Get my latest articles delivered to your inbox.

Enter your email address below and click/tap on the button.

100% Privacy. Your email address will not be shared.

Comment: Banning chairs is nonsense

MuslimMatters writes: Standing is obligatory only for Takbeer Tahreema in Fardh salah (Obligatory Prayers) with which the prayer begins. After that a person can sit. This is the opinion of imam Shafaee and others. People should not take their Shāfiʿī fiqh from the previous paragraph. Rather, the ruling is that individuals who are able to stand must do … Read more

Comment: 13 Ridiculously Bizarre Fatwas Given by Islamic Scholars

Another faux fatwa anthology is making the rounds. This one comes from Parhlo. The article’s analysis and examples are severely flawed. The article’s analysis comes in its introduction.

Well, we can’t really comment on the thought process behind issuing these fatwas, but to a common mind they hardly make any sense. Being a Muslim I know how important Fatwas are in Islam, however in the past few years their importance have decreased, not because of changes in our religion but only because of some scholars have issued some pointless fatwas. This shows that they have very little or no knowledge of Islam or Muslims. Here are some Bizarre Fatwas issued by some Islamic clerics, which are nothing but false and are portraying a wrong image of Muslims…

It is interesting how the article laments the poor state of fatwas and blames Muslim scholars for this state, all while ignoring the role of non-scholars. The article declares that the fatwas were issued by people who lack scholarship and ignores how those fatwas issued by non-scholars ever even came to be known. A fatwa can only be issued by a scholar. Someone who has little or no knowledge of Islam or Muslim cannot be a scholar. So how can it be the fault of scholars when a non-scholar issues a non-fatwa, and people aware of its illegitimacy then spread it through various forms of media as an example of failed Islamic legal scholarship, where it is then spread even wider by the general public – including a large number of Muslims who denounce it as a legitimate example of illegitimate scholarship?

Read moreComment: 13 Ridiculously Bizarre Fatwas Given by Islamic Scholars

The UAE Mars fatwa that never was just won’t go away

Last year I wrote one or two entries about the Mars fatwa purported to have been issued by the United Arab Emirates’s General Authority of Islamic Affairs and Endowment (GAIAE). This report spread virally through mass- and social media, even though the initial report was full of information which, if anyone had bothered to check, … Read more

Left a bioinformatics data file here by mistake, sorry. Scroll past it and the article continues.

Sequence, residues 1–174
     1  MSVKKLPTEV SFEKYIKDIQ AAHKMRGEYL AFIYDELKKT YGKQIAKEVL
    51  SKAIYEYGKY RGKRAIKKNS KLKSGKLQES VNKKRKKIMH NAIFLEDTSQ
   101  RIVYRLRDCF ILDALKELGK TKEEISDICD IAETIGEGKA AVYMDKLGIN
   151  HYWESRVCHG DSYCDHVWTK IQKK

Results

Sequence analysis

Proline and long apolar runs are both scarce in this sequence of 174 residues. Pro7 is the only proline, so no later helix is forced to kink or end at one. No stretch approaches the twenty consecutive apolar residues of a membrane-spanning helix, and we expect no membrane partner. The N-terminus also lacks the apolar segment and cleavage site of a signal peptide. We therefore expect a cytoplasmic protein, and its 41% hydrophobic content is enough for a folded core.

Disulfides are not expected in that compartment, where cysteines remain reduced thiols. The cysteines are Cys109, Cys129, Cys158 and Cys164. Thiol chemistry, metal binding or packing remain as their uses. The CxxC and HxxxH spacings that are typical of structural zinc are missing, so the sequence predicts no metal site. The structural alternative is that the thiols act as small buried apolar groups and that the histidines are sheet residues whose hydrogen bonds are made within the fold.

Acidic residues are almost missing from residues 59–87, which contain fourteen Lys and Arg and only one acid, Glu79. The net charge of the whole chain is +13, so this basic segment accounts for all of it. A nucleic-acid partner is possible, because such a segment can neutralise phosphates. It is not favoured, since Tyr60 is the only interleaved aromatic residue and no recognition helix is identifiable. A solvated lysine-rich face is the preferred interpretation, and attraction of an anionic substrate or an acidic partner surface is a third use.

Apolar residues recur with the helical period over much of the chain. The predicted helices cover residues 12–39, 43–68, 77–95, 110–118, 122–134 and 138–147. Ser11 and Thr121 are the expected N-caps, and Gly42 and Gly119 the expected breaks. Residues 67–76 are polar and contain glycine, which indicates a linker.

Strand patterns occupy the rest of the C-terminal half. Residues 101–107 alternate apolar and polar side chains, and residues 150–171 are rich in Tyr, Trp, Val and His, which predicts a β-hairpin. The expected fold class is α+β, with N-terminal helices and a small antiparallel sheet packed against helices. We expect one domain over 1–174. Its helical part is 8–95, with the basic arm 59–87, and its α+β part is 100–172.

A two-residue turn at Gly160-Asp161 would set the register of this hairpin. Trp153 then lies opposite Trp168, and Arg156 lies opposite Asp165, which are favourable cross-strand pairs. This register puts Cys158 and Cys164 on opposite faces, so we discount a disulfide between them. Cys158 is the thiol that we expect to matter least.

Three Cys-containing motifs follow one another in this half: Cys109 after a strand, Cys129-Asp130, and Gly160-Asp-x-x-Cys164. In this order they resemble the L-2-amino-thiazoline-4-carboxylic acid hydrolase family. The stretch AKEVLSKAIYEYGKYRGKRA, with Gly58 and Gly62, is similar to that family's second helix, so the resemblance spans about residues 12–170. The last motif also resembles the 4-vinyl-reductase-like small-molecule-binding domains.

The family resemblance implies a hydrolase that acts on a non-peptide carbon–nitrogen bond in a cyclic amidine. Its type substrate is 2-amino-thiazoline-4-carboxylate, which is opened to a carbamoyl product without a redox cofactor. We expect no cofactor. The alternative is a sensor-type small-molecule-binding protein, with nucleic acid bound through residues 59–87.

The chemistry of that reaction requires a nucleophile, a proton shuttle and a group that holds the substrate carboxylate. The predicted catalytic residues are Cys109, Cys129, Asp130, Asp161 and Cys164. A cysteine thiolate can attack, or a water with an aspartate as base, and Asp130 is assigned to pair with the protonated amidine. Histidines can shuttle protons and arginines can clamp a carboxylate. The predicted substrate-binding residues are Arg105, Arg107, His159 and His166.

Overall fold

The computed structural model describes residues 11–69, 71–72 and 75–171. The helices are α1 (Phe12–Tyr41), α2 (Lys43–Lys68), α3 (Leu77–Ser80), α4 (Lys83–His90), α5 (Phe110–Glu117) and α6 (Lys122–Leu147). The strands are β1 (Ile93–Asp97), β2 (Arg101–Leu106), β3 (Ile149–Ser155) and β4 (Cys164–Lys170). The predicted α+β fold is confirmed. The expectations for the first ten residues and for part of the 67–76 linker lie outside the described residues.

Synthetic tissues and Islamic bioethics fatwas

A recent Daily Anatomy’s Photo concerned products from synthetic medical product manufacturer SynDaver Labs: SynDaver™ Labs manufactures the world’s most sophisticated synthetic human tissues and body parts. The SynDaver™ Synthetic Human bleeds, breathes, and employs hundreds of replaceable muscles, bones, organs, and vessels which are made from materials that mimic the mechanical, thermal, and physico-chemical … Read more

Irshad and fatwa: clarifying what is meant by Singapore’s MUIS

A few days ago I shared an irshad (“irsyad”) from the Islamic Religious Council of Singapore (MUIS) regarding the use of guide dogs. The MUIS website includes fatwas and irshad. Although there are stylistic resemblances, the distinction between fatwa and irshad is not immediately clear. Irwan Hadi, MUIS fatwa council secretary, clarified the difference. Irwan … Read more

WANTED: Fatwa against playing with toes while driving

An opinion piece in The National calls on muftis to pass fatwas to deal with driving frustrations in the UAE. In addition to the obvious things like driving without a license, not wearing a seat belt, and reckless driving, the author also wants a fatwa against people placing their feet on the dash while driving. … Read more

Dated fatwas direly needed for demands of the global digital audience

My fatwa web alerts have been abuzz with articles concerning Muslims saying “rest in peace” when expressing condolences for the death of non-Muslim. Initial reports claiming that a fatwa was issued in response to a recent death were subsequently retracted upon examination of the date of the initial article’s source for the fatwa. This blog post concerns the role of dates in the development of this story, and the need for fatwas to be dated. It does not concern the deceased, the contents of the fatwa, nor the circumstances which triggered it to be spread.

Read moreDated fatwas direly needed for demands of the global digital audience